Summer Humanities Institute

Find 2020 Program information on our new website.

Dear SHI Students and Families,

When describing the goals that shaped his work, the seventeenth-century philosopher Benedict Spinoza remarked: “I have labored carefully, not to mock, lament, or execrate, but to understand human actions.” This project—to understand human actions in the fullness of their origins, progress, and consequences and to comprehend the dynamic world of ideas and sensibilities that inspires and is inspired by them—lies at the heart of the Humanities.  It is a project that draws on many disciplines and many forms of human expression: from historical documents to religious and philosophical writings to literature to works of art and performances.  Its sources and its questions lead humanistic inquiry to place particular emphasis on skills of observation, analysis, interpretation, imagination, and criticism. It teaches us how to examine and interpret small details to gain larger insights, to see the variety that exists within categories and generalities, and how to trace ideas and actions back to their origins.  It cultivates our awareness of the many factors and forces that shape the actions and beliefs of an individual or group through time.  Most of all, it strengthens our capacity to enter into the lives and thoughts of others so as to understand more fully, subtly, and sympathetically “what makes them tick”, a capacity that ultimately helps us be and do better in every aspect of our lives.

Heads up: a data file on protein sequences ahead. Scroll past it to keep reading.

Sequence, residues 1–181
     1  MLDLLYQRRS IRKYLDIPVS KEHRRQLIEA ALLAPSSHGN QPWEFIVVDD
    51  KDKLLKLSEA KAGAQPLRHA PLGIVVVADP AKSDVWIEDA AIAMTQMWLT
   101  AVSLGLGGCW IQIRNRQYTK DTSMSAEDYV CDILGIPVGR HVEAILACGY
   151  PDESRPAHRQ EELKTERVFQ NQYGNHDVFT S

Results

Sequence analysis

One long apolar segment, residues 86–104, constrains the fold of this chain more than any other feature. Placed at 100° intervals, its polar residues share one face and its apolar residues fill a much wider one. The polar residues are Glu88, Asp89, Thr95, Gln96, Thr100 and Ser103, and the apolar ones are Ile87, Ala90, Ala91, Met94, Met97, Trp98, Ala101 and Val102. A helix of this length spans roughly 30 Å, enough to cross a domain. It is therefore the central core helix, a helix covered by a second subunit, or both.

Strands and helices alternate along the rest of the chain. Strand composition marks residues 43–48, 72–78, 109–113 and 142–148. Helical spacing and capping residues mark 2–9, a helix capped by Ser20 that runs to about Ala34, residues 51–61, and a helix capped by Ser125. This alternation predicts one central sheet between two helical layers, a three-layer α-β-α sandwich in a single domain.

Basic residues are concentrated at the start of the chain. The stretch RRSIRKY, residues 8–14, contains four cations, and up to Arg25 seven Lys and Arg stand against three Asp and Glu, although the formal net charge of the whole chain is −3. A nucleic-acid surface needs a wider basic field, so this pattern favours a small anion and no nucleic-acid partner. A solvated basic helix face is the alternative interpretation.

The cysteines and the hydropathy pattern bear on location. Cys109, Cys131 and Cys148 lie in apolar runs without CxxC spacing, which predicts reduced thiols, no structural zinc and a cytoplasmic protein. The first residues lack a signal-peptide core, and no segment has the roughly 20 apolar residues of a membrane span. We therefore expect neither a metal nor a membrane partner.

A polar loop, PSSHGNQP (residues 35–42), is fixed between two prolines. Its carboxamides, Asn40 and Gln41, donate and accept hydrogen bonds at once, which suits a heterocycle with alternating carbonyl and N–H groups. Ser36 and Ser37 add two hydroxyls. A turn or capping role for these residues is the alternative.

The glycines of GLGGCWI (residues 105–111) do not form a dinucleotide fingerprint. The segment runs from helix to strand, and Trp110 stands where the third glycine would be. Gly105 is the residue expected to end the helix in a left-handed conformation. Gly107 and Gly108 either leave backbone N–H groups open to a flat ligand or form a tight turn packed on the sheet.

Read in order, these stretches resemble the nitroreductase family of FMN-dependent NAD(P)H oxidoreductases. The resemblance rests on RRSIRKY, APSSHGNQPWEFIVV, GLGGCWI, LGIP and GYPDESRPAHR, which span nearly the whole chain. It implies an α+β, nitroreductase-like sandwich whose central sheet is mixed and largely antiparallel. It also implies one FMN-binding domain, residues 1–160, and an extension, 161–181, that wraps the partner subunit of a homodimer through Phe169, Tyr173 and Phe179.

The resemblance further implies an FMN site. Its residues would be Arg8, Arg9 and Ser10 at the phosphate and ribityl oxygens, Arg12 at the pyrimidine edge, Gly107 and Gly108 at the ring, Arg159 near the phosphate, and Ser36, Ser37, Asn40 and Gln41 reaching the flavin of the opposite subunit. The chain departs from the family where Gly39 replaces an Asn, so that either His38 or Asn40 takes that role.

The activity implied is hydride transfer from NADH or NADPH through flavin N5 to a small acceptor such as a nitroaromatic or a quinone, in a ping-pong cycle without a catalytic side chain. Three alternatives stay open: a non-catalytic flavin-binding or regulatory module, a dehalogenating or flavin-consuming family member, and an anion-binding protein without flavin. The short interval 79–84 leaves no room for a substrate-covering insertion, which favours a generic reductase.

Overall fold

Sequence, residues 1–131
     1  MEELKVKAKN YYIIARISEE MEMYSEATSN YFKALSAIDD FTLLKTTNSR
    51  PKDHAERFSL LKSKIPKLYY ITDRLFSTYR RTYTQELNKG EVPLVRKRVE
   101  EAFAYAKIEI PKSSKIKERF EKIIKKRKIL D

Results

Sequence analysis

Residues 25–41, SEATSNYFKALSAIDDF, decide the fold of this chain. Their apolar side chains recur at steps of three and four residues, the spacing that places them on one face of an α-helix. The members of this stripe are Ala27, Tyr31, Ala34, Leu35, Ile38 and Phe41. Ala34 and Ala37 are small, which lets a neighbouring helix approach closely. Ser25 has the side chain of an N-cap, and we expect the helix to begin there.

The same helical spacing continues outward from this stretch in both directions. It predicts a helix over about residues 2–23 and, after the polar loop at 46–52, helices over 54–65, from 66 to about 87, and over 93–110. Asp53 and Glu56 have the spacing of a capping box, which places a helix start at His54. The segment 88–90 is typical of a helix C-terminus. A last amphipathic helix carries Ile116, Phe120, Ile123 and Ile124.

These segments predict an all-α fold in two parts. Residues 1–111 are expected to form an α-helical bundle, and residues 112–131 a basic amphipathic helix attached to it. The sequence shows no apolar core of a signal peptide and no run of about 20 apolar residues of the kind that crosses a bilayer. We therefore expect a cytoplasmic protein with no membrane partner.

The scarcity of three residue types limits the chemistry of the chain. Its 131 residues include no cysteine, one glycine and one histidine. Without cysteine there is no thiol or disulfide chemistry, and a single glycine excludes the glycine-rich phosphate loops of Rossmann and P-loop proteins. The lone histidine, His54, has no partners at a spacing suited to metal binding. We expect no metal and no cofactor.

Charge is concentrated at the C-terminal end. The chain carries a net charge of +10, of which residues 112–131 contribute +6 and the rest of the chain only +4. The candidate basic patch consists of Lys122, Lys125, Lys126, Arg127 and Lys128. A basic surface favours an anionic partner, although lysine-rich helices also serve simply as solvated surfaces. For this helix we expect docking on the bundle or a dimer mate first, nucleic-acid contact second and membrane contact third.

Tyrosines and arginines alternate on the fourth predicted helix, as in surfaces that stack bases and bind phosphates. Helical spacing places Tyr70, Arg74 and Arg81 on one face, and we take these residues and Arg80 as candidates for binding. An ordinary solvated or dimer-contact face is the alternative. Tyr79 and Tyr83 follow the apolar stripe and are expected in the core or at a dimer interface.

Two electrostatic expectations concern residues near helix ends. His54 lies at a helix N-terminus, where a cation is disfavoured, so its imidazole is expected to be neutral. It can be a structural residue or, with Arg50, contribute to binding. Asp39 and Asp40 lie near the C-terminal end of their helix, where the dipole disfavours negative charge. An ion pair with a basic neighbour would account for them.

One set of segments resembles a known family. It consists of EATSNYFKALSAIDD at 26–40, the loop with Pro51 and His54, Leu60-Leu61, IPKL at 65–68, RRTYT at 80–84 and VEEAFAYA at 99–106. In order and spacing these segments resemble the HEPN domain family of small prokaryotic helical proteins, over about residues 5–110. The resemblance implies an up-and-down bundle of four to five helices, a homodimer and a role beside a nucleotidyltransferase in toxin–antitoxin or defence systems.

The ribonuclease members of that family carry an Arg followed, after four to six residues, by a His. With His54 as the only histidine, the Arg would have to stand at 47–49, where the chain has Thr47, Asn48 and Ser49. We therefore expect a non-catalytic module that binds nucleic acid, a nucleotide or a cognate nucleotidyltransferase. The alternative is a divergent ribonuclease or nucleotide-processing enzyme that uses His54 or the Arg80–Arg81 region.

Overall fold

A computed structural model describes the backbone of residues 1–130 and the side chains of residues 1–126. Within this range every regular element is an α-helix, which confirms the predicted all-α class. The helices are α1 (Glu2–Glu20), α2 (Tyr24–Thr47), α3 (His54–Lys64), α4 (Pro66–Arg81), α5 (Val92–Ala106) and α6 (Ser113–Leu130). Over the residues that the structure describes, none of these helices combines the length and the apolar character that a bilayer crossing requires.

In the Carleton Summer Humanities Institute we will develop these skills—along with a variety of techniques to share the results of our research with wider audiences—through an exploration of the Arts of Power in the Renaissance.  With my colleague Pierre Hecker in English and Julie Shibata in Studio Art and Art History, we will explore together the ways in which people in Renaissance Europe (especially England and Italy) sought to understand, represent, criticize and transform different forms of power and value. In particular, we will investigate the ways in which contemporaries in Renaissance Europe cultivated the historical, social, and visual imagination to shape and reshape their own societies. Through close examination of a wide range of primary sources (in translation), including select plays of William Shakespeare (and their modern adaptations and stagings), Florentine political advisor Niccolò Machiavelli and contemporaries, and a rich array of Renaissance images, we will seek to  understand the complex forms and functions of power and how human beings have used drama, history, philosophy, and the visual and scientific arts to control it. Complementing these classes will be sessions devoted to developing your skills as observers of visual materials. Field trips to a Shakespeare performance and to the Minneapolis Institute of Art round out our program.

Over the three weeks of the Institute, you will develop and present interdisciplinary, guided research projects in History (including art historical and philosophical topics) or literature and theater. You will acquire and learn to use effectively tools and techniques of research, interpretation, and presentation essential to achieve the goal of humanistic research: to understand with depth and complexity the nature of human thought, action, and expression and to convey this understanding to others.  Carleton’s rich Library and Special Collections and other campus spaces will offer inviting contexts in which to study, perform, debate, and discover. At the end of the seminar, participants will present their work in a public symposium that will include oral and visual presentations and dramatic performances.

We look forward to working with you!


Bill North

Professor of History and Director of the Summer Humanities Institute